What is Personally Identifiable Information and Why is PII Protection Important? 

Each of us has data points assigned to us starting at birth that are used to create a profile. This is our Personally identifiable information. It includes our names, birthdates, Social Security numbers, addresses, and other information. As we travel through life this information follows us when we create bank accounts, attend school, buy a home, get a car loan, get married, and use health insurance. The result is PII meaning the most valuable, unique information in a person’s life.

These data points can be valuable to advertisers as well as to thieves. Drug, apparel, and retail companies spend $200 billion per year on data.

But the answer to the legal question "What is PII and PII data?" remains blurry, even when it’s more specific to sensitive PII and non-sensitive PII.

What Is Personally Identifiable Information (PII)

Personally Identifiable Information (PII) refers to data that can identify a specific individual. PII examples include names, birthdates, Social Security numbers, and addresses. Sensitive PII, such as financial information and medical records, requires strict protection, while non-sensitive PII, like ZIP codes, is less critical. In the context of PII cyber security, it is crucial to implement measures to protect PII and prevent data breaches. Understanding the difference between PII vs. personal data is also important, as PII specifically identifies individuals, whereas personal data is a broader term that includes any related information.

Why Is Pii Protection Important? 

Have you had the experience of talking to a friend about a trip, and suddenly you’re receiving advertisements for backpacks, cameras, and all-inclusive resorts? It could be data brokers spying on your plans. Even if you’ve tried to remove personal information from Google, there are plenty of places where your data has been distributed by a variety of brokers.

Now that you know the meaning of PII, you understand how important it is to protect it. In the past, using our Social Security numbers for our driver’s license numbers was no big deal. On that one card was our photo, full name, signature, date of birth, address, and Social Security number. That would be a goldmine for thieves these days, but fortunately, the practice was discontinued. Now, we know to protect some of that information, but it’s not easy. Along with cookies on our computers that collect information during our web browsing activities, other data is available through public records, and our banks, pharmacies, and medical plans also sell information about us.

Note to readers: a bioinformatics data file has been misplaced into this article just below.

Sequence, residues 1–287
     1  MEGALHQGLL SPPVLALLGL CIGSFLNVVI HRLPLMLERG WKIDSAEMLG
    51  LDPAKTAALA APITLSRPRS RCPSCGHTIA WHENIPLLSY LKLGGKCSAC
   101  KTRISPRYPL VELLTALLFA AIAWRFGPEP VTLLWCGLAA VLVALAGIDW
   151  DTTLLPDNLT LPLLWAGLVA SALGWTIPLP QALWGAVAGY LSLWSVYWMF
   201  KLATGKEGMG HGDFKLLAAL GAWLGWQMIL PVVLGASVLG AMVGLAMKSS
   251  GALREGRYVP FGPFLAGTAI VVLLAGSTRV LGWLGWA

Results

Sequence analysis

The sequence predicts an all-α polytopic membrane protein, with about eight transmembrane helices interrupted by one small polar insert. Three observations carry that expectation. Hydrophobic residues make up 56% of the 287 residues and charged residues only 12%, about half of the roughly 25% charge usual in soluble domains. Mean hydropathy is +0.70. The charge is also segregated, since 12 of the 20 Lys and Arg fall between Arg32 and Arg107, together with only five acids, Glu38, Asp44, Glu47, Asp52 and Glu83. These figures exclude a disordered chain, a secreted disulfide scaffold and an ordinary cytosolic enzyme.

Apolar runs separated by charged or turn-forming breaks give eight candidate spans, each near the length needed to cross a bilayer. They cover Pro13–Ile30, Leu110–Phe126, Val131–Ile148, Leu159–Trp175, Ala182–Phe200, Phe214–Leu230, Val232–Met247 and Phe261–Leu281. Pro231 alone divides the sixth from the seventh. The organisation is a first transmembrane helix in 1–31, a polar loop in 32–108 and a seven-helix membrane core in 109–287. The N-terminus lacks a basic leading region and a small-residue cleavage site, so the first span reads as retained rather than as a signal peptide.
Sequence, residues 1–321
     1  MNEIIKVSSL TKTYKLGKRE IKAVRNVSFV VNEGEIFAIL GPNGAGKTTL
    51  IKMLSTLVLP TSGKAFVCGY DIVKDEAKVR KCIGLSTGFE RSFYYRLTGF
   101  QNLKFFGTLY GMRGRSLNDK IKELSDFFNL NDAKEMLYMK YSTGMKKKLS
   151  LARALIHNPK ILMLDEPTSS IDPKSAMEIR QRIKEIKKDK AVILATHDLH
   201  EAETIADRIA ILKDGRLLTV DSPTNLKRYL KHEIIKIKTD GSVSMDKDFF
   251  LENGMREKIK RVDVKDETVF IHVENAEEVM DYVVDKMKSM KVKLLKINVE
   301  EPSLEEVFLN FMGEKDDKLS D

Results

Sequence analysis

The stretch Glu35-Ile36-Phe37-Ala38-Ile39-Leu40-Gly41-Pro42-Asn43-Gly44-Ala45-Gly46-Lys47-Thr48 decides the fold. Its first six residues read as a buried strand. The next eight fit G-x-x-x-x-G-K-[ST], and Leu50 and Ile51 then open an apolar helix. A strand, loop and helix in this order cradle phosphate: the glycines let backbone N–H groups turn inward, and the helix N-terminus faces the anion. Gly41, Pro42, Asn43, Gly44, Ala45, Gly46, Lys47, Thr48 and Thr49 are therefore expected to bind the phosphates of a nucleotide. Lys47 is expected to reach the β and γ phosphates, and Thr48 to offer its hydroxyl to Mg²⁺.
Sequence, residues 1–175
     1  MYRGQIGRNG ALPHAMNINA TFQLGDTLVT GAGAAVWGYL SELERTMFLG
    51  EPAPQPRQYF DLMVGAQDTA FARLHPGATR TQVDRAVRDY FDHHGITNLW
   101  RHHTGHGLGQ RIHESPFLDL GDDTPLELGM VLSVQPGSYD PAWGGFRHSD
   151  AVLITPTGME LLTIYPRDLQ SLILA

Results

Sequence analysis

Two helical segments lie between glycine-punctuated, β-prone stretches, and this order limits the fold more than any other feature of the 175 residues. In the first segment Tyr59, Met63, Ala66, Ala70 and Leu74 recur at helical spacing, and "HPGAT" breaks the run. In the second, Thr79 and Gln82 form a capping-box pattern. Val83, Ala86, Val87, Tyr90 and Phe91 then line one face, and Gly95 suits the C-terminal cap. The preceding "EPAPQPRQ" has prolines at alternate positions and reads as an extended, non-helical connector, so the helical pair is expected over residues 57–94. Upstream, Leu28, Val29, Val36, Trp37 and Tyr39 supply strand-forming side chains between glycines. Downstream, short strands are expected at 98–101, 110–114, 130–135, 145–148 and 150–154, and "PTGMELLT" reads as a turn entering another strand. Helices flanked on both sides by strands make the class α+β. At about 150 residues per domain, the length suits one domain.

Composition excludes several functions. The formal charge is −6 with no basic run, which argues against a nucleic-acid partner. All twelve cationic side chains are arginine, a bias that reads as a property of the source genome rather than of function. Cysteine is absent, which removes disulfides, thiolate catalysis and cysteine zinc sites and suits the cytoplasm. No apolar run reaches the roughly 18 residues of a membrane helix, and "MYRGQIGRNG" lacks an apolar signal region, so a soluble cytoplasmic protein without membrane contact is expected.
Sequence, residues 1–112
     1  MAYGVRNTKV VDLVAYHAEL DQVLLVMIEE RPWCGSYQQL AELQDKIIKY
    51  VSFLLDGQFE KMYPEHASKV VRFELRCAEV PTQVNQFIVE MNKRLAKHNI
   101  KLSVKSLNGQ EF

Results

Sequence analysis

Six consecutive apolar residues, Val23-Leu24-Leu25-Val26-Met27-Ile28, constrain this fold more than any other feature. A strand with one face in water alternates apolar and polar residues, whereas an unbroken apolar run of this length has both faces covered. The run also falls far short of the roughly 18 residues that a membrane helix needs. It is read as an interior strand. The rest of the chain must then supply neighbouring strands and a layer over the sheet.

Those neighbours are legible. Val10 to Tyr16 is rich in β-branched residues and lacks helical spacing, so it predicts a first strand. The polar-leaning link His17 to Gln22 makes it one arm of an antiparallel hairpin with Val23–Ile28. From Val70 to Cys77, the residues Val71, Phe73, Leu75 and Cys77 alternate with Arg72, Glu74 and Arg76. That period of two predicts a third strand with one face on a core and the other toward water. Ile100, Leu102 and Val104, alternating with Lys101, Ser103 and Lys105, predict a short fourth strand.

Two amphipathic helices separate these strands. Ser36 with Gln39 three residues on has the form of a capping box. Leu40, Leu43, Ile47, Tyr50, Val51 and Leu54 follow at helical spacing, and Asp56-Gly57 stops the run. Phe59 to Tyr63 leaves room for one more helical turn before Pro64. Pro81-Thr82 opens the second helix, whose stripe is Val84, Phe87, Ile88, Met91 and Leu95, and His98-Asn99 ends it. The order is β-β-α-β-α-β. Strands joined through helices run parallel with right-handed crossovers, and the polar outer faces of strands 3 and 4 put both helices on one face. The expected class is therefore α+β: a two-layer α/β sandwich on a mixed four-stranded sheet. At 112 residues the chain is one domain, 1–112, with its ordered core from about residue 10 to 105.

Cookies from websites we visit track us and collect information on everything we do online. This is where the PII vs. personal data question arises. The effort to gather as much data as possible has morphed into apps that scour our phones, collect information about all of our contacts, and monitor our locations, to provide just a few PII examples. And they have made PII almost priceless, making PII protection more difficult.

The danger is obviously that we will lose control of our PII over time. PII cyber security and two-factor authentication won’t hold up forever.

Thieves who capture our personally identifiable information with fake applications, through email phishing and data breaches, can stitch together enough information (often for sale on the Dark Web) to impersonate us. It doesn’t take much searching for them to find information about a person who will complete a dossier of stolen data. That allows them to use our identities to apply for loans, use our health insurance, or steal our banking information.

A wider threat is social engineering. Governments with nefarious motives may collect the PII of a large number of people and launch a disinformation campaign designed to destabilize a government or influence voting or purchasing. For instance, Russian operatives tried to influence the 2016 American presidential election, partly through misinformation spread on social media.